Kerning is the modification to the amount space between two individual letters / characters that step across each characters line. When kerning is done right it produces a pleasant, visual balance.

Tracking is similar to kerning, however, instead of adjusting the spacing between individual letters, tracking globally adjusts the spacing across all letters inside a text block. Increasing the tracking substantially affects legibility. 

alignment-typography

 

Layout
1) Centre alignment: all of the text is aligned to the centre of the area. Centre aligned text is great for headlines, quotes or a short amount of information.

2) Right alignment: all of the text is aligned to the right of the area. Right aligned text is the universal standard for paragraph text. This is largely due to the English language reading from right to left.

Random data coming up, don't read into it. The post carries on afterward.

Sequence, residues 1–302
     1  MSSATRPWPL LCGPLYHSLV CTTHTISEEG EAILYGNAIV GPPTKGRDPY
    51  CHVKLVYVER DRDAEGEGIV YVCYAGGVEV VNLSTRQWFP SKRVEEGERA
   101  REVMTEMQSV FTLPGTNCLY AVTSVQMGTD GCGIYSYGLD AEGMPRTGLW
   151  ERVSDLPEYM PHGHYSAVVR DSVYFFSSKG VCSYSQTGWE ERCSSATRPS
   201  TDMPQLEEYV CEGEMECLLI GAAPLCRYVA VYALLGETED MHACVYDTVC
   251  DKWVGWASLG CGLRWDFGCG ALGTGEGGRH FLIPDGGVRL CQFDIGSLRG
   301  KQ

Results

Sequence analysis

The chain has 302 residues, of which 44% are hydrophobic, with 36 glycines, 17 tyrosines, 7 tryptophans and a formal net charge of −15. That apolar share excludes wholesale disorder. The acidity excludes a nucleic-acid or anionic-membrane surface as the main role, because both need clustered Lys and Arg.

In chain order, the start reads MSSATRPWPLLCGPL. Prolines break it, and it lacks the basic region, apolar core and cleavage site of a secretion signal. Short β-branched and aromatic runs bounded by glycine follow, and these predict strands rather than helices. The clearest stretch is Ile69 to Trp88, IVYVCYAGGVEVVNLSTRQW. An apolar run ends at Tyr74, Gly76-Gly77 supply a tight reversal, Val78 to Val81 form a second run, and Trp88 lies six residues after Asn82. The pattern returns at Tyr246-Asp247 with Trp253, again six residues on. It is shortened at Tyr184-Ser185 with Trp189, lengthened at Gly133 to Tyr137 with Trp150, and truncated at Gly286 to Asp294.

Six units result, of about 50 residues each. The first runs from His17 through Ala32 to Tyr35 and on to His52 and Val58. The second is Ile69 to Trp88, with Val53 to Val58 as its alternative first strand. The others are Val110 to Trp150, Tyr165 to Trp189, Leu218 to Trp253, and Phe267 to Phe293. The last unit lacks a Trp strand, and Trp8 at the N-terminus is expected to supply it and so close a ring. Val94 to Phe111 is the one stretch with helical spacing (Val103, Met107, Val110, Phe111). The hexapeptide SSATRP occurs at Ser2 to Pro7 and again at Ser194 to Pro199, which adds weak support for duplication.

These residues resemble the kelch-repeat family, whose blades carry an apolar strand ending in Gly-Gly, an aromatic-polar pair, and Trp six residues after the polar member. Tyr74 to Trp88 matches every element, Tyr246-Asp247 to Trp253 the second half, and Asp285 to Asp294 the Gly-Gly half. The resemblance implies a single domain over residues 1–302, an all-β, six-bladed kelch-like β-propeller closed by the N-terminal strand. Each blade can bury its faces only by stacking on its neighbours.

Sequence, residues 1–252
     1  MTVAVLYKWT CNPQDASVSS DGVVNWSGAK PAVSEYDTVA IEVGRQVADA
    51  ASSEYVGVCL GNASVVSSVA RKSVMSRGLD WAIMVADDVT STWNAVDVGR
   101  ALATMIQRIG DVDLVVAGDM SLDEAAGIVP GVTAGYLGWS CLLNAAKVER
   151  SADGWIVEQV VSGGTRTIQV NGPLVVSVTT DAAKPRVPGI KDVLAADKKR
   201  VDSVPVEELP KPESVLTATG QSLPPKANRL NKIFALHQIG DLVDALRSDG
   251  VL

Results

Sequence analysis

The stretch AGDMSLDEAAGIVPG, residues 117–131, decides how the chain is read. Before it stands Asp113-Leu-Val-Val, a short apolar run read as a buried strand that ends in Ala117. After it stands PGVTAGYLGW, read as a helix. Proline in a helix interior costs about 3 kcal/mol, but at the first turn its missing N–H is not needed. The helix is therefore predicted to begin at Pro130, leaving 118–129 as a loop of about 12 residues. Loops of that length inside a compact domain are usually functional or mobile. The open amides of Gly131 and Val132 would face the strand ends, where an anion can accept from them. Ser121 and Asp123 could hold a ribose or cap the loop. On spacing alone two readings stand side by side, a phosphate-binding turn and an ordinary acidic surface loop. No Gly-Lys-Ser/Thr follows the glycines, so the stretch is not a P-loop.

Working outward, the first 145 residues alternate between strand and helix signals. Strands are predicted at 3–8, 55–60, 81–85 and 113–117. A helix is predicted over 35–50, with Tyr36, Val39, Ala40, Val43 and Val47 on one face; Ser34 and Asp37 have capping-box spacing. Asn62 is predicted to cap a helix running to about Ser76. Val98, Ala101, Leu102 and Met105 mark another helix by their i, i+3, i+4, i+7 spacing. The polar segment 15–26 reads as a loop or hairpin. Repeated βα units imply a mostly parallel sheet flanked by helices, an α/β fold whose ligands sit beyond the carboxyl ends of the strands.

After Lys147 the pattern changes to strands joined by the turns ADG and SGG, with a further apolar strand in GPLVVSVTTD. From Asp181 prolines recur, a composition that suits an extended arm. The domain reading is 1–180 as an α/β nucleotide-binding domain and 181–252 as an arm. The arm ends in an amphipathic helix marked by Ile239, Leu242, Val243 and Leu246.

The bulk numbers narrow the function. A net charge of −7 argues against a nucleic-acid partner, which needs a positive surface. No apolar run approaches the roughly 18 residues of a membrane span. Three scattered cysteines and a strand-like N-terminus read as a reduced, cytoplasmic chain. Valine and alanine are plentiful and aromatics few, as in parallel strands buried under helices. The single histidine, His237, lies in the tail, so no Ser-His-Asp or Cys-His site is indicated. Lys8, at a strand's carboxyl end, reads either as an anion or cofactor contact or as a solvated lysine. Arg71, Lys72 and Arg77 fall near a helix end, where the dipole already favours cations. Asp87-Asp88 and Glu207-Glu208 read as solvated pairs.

3) Left alignment: all of the text is aligned to the left of the area. Left aligned text works well to display a short amount of information, such as notations or quick points.

Intro to graphic design styles part 4: art deco

Intro to graphic design styles part 4: Art Deco

Art Deco: a style that screams glamour, luxury, exuberance, modernity.

Art Deco is a movement that arose during the 1920s. The performance of infusing everyday objects into art made this style a symbol of modern luxury. It’s incredible popularity, as with any popular movement, influenced many disciplines, including graphic design, architecture, furniture and fashion. 

Art deco has a prominent feature that is recognizable in any medium: its use of bold, clean lines combined with a streamlined appearance that’s adorned with an ornamental or geometric pattern. In addition, these designs are often paired with strong, contrasting colours.

If you’re looking for a way to create a design that stands out in a bold way within our modern version of advertising, Art deco may be for you.

How to incorporate art deco into your designs: Use bold, clean lines to guide the viewer’s eyes towards a specific direction.

Redesign curves so that they become angular shapes.